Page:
In my column this week, "GOP may have a contender in the wings," I lay out an initial argument for Rick Perry's plausibility as an Omaba-slayer (a knightly reference; no actually violence intended, of course).
- active defense of the 10th Amendment in the face of Obamacare’s encroachments
- record as a budget-cutter
- executive experience is in one of the largest states in the union
- won an unprecedented three terms with a strong victory in 2010
- Texas is a growing state with a large Hispanic population
He also passes the Katie Couric test. He reads. And he reads the right stuff. In a Wall Street Journal interview not long ago, he highlighted Friedrich Hayek’s classic of political and economic liberty, The Road to Serfdom, and The Forgotten Man by Amity Shlaes, her account of how Franklin D. Roosevelt’s interventionist policies actually deepened and lengthened the Depression. “Amity’s book is very eye-opening—scary—for me,” he said. You can judge a man by what scares him.
Shelby Steele says the problem for any candidate facing Barack Obama is that he or she must run against not only Obama the man, but also Obama the icon. This means that whoever leads the Republican ticket has to be somehow larger than life. Former Minnesota Gov. Tim Pawlenty is a good man with good principles, but he’s a man of quite human proportions. Others in the race are all-too-human. At the South Carolina debate, I saw men who were trying hard to convince us that they belong on the stage. Sarah Palin was not there, though she seems made for the stage. But one wonders what kind of stage. Like everything in Texas, Rick Perry seems be a large enough character to fill any stage, even one he would share with a sitting president, perhaps even an iconic sitting president.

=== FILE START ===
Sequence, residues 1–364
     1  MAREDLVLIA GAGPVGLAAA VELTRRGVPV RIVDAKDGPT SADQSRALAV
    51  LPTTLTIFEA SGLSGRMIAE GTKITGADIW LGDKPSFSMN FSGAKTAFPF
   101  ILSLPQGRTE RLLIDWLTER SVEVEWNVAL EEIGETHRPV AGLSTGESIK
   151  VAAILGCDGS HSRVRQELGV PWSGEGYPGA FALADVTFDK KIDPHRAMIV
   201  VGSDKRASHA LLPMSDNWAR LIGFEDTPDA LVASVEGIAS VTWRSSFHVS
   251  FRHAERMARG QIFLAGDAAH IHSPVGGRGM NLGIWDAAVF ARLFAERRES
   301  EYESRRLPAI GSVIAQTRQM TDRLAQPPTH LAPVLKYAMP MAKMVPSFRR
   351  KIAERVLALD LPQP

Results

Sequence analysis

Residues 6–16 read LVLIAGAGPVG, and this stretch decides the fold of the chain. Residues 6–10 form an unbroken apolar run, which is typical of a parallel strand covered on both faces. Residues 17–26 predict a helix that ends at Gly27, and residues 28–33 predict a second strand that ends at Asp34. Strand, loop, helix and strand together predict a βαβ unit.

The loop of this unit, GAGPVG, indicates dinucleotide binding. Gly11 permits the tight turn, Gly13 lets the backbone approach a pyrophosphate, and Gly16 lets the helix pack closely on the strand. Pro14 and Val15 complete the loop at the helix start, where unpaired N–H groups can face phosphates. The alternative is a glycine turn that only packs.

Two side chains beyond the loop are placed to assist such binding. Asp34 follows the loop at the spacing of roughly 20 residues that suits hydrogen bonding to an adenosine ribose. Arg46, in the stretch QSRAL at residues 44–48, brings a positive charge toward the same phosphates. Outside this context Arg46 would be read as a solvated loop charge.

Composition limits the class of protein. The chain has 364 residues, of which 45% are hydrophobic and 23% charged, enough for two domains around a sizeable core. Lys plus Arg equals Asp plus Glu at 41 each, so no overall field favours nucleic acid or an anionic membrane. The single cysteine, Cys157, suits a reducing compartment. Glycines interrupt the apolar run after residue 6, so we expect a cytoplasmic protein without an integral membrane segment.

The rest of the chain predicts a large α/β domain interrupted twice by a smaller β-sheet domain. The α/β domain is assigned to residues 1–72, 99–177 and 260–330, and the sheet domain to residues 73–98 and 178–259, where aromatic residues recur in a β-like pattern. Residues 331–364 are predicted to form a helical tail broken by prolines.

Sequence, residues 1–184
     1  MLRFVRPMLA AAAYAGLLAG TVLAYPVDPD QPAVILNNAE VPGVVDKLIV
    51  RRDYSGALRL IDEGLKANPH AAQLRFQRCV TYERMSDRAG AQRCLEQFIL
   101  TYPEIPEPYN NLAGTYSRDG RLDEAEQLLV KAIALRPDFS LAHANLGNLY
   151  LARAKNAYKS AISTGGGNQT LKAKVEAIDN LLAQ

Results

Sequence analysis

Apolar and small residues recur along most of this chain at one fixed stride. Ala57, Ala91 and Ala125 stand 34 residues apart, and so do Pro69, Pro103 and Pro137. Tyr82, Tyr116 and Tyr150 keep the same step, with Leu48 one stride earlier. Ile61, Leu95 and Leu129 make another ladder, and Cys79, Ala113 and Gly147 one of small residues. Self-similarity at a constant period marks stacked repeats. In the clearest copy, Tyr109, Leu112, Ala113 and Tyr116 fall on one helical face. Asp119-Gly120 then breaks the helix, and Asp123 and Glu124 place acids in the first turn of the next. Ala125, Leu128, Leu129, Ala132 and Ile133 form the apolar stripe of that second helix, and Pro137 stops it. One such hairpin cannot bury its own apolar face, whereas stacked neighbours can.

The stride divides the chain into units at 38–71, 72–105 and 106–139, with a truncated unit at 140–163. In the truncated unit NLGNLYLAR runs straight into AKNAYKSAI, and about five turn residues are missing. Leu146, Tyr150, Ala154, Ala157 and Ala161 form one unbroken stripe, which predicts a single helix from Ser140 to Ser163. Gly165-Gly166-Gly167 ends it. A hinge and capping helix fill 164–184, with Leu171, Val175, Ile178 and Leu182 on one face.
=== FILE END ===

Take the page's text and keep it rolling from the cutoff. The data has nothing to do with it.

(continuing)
One of the commenters listed these arguments again him.
1. Guilt by association with Bush given they share a home state. [Really weak.]
2. Adios, mofo. [Not clear just what this is. A bad language incident is a bar to the presidency?]
3. Why don’t you just let us get on down the road? [This is not exactly Troopergate.]
4. Required Gardasil vaccinations, which on its face should offend the personal liberty crowd, but even moreso when the recommendation was made after heavy lobbying by Merck. [A. Get your kids out of public school. B. Exemptions are easily obtained. C. Otherwise, it does seem like bad judgment. D. Do Merck-y drug company connections explain this? E. What does preventing cervical cancer have to do with public education?]
5. Trans-Texas Corridor. Here Perry was going to seize huge swaths of private land under eminent domain in order to build a super-highway to support additional truck traffic due to NAFTA. [This is a concern to the John Birch Society conspiracy theorists and no one else.]
6. Perry floats the idea of secession. [That's just a Texan being Texan. But I'll keep my eyes on it.]
7. Was a Democrat until 1989. [Lot's of good people share that dark past: Reagan, Gramm (Texan)...]
8. Chaired the campaign to elect Al Gore in Texas in 1988. [Any sign of Algorism since then?]
The fellow who posted these objections is a Texan himself who has been keeping a file. If this is the best he can do, Perry looks fit for the stage.